#3: Vitamin B Complex

This refers to a group of eight B vitamins that are widely present in our diet in both animal and plant foods. While each individual B-vitamin has its unique functions in the body, most of them usually work together in some way, like a team that can’t function when one of its members is missing. Some of Vitamin B complex’s main benefits include helping lower infection risk, encourage proper nerve function, promote better brain function and heart health, and raise your energy levels.

In pregnant and breastfeeding women, Vitamin B complex helps develop the baby’s brain, lower risk of birth defects and preeclampsia, improve energy levels, and relieve nausea.

How Much Do Women Need?

This would really depend on the B vitamin. For women, the recommended daily amounts are:

  • Vitamin B1 and B2: 1.1 mg
  • Vitamin B3 or dietary equivalents: 14 mg
  • Vitamin B5: 5 mg
  • Vitamin B6: 1.5 mg
  • Vitamin B7: 30 mcg
  • Vitamin B9 or dietary equivalents: 400 mcg
  • Vitamin B12: 2.4 mcg

However, if you’re pregnant or breastfeeding, you may need to increase the amounts of specific B-vitamins. Talk to your doctor for more information.   

Are There Side Effects or Contraindications?

Be careful when taking vitamin B complex supplements because, although unlikely, there is still a risk for overdose. Common side effects include nausea, excessive thirst, vomiting, diarrhea, abdominal cramps, and blurry vision. If you take too much B-complex and experience these severe side effects, seek medical attention immediately.

#4: Iron

Iron is crucial in the production of healthy red blood cells that transport oxygen throughout the body, and in the energy production in all cells. It is involved in the production of the connective tissues in our body, skin, hair and nails, as well as some of the neurotransmitters in our brain. Iron also has a role in maintaining a healthy immune system.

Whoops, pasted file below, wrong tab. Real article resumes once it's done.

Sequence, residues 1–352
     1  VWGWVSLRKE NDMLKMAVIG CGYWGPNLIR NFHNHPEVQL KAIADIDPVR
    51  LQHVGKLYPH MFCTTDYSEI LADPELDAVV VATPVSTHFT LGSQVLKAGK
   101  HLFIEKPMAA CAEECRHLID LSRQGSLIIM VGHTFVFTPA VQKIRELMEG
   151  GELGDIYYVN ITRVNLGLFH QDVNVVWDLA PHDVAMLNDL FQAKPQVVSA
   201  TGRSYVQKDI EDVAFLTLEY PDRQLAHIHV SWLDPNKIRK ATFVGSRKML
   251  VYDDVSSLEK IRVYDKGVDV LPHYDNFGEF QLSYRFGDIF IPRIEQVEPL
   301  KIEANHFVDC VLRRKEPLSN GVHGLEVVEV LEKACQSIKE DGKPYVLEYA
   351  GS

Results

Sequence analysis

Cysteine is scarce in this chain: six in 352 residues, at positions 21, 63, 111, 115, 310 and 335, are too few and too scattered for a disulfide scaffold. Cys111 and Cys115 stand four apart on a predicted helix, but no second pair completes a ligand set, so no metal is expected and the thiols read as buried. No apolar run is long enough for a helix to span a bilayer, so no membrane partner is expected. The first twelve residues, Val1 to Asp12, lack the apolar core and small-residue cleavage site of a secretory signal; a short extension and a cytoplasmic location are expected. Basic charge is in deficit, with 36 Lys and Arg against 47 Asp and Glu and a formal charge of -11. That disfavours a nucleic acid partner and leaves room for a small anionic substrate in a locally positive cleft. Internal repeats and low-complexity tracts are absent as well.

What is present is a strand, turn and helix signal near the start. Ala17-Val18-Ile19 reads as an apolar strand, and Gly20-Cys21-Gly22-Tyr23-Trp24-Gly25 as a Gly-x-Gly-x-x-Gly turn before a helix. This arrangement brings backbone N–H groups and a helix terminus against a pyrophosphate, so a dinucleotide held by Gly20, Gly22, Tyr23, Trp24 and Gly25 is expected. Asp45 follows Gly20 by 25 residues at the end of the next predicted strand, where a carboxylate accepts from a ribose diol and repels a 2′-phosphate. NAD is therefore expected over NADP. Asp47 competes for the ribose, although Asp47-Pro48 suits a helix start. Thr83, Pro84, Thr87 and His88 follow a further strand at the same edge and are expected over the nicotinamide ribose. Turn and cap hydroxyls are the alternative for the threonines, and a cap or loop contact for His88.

How Much Do Women Need?

The ideal daily requirement for iron depends on your age. For women aged 19 to 50, they require 18 mg of iron. For women 51 years old and above, this amount is reduced to 8 mg. Pregnant and breastfeeding women have higher recommended amounts at 27 mg.

Getting enough iron daily is important as a woman’s iron stores are significantly reduced during her monthly period. When you’re pregnant, additional iron is needed for your baby so it can make its own blood supply too. 

Without enough iron, a woman can develop iron deficiency anemia. This may cause dizziness, weakness, shortness of breath, and/or low energy or fatigue. In pregnant women, iron deficiency anemia also leads to a higher risk for premature birth, postpartum depression, and low birth weight among babies.

Ensure that your body has enough iron stores and prevent deficiencies by eating more iron-rich food and taking an iron supplement to provide what the body needs to make healthy red blood cells..

Are There Contraindications or Side Effects?

Talk to your doctor before taking any iron supplement. Some side effects include nausea, stomach pain or irritation, vomiting, diarrhea, dark-colored stool, and constipation. It may be wise to start with a low dose of iron first and gradually raise it to the recommended amount. It’s best to take the iron after a meal in order to decrease the chance of side effects, and also to increase its absorption (you need stomach acid to absorb iron).

You can consult your doctor or health professional to know more about the other vitamins and nutrients you need as a woman. Take note that factors such as your age and lifestyle will influence the ideal daily doses you’ll need. Until then, make sure your body is in optimal condition with these important nutrients.